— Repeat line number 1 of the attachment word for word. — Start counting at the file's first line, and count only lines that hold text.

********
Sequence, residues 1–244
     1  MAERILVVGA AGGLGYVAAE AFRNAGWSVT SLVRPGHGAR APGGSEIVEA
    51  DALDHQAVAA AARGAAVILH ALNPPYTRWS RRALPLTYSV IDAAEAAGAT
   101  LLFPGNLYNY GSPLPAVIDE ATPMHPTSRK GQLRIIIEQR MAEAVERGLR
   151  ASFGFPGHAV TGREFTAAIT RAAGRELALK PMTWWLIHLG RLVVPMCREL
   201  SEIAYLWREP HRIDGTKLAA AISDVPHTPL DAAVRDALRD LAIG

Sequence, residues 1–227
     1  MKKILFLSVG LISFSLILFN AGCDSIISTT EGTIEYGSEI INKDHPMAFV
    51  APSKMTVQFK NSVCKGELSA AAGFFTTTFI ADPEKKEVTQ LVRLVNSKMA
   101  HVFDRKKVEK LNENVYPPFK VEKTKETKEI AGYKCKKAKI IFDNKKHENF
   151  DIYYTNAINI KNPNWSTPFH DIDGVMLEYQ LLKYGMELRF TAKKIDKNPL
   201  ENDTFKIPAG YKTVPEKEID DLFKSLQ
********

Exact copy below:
Sequence, residues 1–244